MANHATTAN, Kan. — Happy Thanksgiving! The day we sit down to a feast that often includes turkey, mashed potatoes, stuffing, gravy, pumpkin pie and all the other trimmings. I would argue a good prime rib or pork loin are just as festive and make me every bit as thankful, but turkey is fine.
The eating aspect of Thanksgiving is important, believe me. I value eating, but we also need to be sure we fully appreciate the giving thanks part of the day. We need to take time to recognize all we have been given and all we have. We live in a country where we often take for granted our blessings.
I also would say this is the holiday when we celebrate our ag heritage in the United States, whether we know it or not. Thanksgiving is when we pause and express our gratitude for all we have, and the bedrock of our thankfulness is the abundant food supply we often fail to appreciate. Think about it; it’s a holiday where the main celebration is a feast. If that is not a celebration of agriculture, I don’t know what is.
This very holiday is the one where the Pilgrims were said to have come together to have a feast to celebrate the bounty they had grown and harvested. Agriculture and food have always been the bedrock and foundation of our great nation, and Thanksgiving is where the American farmer and rancher should step forward and take a bow.
Most nations in this world only dream of agriculture production like ours. We not only grow enough food for our own country, but we feed a large portion of a hungry world too. We live in a nation where we have an abundance of safe, wholesome, affordable food at our fingertips. We can go to about any grocery store and not only find any food we desire but often have choices between types and brands of the same food.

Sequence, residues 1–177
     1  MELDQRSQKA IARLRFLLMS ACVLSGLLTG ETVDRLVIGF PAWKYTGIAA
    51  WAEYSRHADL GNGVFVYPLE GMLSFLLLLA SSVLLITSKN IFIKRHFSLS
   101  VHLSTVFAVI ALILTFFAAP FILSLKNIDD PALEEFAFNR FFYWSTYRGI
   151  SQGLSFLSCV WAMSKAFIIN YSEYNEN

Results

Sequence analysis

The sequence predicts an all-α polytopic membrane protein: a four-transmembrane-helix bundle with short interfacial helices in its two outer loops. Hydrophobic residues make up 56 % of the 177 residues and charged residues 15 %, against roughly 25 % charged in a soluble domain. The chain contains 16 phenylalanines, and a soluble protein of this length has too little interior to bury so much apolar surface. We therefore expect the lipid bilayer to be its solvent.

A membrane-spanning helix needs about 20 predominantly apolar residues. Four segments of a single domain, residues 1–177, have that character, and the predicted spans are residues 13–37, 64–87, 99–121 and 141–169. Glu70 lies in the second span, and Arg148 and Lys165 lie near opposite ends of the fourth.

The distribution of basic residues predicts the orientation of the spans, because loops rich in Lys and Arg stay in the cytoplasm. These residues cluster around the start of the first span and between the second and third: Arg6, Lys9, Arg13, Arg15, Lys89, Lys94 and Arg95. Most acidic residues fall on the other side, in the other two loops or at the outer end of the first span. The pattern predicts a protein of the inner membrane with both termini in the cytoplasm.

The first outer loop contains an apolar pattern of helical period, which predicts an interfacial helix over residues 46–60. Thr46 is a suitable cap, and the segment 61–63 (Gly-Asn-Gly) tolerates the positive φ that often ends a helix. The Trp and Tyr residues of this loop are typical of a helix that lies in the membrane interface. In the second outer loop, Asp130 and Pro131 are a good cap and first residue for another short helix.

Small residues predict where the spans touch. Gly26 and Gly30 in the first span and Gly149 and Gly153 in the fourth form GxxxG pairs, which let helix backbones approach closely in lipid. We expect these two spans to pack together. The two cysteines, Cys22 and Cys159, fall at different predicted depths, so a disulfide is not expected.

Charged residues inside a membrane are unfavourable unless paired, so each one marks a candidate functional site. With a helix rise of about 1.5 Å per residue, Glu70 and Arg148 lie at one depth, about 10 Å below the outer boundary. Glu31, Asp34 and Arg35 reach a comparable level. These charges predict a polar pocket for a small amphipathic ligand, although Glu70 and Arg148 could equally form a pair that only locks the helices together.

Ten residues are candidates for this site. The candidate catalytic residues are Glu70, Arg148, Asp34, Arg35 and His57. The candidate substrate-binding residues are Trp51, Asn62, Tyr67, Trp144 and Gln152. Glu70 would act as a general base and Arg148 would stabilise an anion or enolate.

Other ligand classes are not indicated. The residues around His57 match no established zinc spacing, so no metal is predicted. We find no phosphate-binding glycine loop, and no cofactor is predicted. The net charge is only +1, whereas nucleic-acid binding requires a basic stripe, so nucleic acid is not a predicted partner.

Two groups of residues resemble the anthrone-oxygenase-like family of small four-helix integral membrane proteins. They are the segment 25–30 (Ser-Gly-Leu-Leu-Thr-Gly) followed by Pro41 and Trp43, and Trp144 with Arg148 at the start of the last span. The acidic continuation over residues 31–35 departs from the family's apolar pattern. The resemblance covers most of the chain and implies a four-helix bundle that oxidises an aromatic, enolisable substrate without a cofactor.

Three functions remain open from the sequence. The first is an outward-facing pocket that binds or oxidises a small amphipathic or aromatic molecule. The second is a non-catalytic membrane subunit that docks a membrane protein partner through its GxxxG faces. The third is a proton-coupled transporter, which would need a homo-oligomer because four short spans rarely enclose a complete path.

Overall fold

I am quite sure that as a society we have forgotten what a tremendous blessing our agriculture is. Food security and an ample supply of nutrition is the first building block in any great society, and without it nothing else can be accomplished. My fellow farmers and ranchers, we are the ones who make that happen. Thanksgiving is a celebration of what we do.
The holiday is nearly here, and I hope we will take a minute to take pride in all that we have accomplished in agriculture in the United States. We are the most progressive, productive and efficient in the world and because of it our country will be able to celebrate with a great feast. I know I will sit down to eat on Thanksgiving but before I dig in, I will take a minute to take it all in with a sense of pride. My fellow farmers and ranchers, without you, none of this would be possible.
“Insight” is a weekly column published by Kansas Farm Bureau, the state’s largest farm organization whose mission is to strengthen agriculture and the lives of Kansans through advocacy, education and service.
— Glenn Brunkow, Pottawatomie County farmer and rancher, Kansas Farm Bureau
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